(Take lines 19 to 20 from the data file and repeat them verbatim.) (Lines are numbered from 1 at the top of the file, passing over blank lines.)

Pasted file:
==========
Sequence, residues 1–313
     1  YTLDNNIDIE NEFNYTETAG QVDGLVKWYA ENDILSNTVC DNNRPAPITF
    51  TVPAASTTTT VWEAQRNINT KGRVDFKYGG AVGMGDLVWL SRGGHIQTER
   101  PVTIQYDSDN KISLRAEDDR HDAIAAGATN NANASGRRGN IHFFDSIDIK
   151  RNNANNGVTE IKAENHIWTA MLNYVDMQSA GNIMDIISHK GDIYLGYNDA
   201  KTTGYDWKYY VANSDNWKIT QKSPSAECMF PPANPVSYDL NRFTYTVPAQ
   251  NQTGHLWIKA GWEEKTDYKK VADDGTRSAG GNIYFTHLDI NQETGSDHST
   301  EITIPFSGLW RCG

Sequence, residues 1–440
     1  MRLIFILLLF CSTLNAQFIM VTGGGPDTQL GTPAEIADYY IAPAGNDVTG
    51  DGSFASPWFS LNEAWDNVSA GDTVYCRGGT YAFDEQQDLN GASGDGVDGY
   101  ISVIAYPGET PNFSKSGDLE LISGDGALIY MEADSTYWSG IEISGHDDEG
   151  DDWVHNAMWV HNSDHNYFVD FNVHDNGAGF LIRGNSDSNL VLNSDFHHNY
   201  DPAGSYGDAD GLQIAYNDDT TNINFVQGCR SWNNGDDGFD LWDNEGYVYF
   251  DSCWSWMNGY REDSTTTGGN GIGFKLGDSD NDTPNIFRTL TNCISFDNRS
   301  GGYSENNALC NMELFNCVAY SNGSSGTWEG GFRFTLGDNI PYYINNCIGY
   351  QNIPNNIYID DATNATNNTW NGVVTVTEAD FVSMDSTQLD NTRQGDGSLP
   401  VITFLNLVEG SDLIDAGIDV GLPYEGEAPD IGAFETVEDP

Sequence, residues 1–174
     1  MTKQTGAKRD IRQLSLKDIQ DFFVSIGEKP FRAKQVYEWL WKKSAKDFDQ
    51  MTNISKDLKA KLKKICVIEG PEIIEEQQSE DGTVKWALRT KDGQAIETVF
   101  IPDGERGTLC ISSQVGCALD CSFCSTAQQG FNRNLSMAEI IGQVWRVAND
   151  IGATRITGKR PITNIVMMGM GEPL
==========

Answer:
Sequence, residues 1–174
     1  MTKQTGAKRD IRQLSLKDIQ DFFVSIGEKP FRAKQVYEWL WKKSAKDFDQ